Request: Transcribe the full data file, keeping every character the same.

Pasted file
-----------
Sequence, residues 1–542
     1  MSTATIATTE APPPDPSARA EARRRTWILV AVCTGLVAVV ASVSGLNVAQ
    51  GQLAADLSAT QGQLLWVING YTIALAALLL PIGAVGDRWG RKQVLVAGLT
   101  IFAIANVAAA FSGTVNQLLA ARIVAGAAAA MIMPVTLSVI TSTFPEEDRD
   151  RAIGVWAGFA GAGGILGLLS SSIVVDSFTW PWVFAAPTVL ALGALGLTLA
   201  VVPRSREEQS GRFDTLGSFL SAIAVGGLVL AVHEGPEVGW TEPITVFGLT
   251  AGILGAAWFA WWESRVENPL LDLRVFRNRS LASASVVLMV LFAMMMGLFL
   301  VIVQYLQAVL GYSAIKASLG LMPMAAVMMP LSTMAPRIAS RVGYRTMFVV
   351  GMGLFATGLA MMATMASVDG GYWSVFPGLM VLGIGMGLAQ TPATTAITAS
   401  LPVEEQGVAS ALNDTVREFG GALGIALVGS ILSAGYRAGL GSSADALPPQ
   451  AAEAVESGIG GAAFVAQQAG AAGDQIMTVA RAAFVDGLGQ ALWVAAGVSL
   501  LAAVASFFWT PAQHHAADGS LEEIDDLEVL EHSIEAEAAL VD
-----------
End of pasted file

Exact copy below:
Sequence, residues 1–542
     1  MSTATIATTE APPPDPSARA EARRRTWILV AVCTGLVAVV ASVSGLNVAQ
    51  GQLAADLSAT QGQLLWVING YTIALAALLL PIGAVGDRWG RKQVLVAGLT
   101  IFAIANVAAA FSGTVNQLLA ARIVAGAAAA MIMPVTLSVI TSTFPEEDRD
   151  RAIGVWAGFA GAGGILGLLS SSIVVDSFTW PWVFAAPTVL ALGALGLTLA
   201  VVPRSREEQS GRFDTLGSFL SAIAVGGLVL AVHEGPEVGW TEPITVFGLT
   251  AGILGAAWFA WWESRVENPL LDLRVFRNRS LASASVVLMV LFAMMMGLFL
   301  VIVQYLQAVL GYSAIKASLG LMPMAAVMMP LSTMAPRIAS RVGYRTMFVV
   351  GMGLFATGLA MMATMASVDG GYWSVFPGLM VLGIGMGLAQ TPATTAITAS
   401  LPVEEQGVAS ALNDTVREFG GALGIALVGS ILSAGYRAGL GSSADALPPQ
   451  AAEAVESGIG GAAFVAQQAG AAGDQIMTVA RAAFVDGLGQ ALWVAAGVSL
   501  LAAVASFFWT PAQHHAADGS LEEIDDLEVL EHSIEAEAAL VD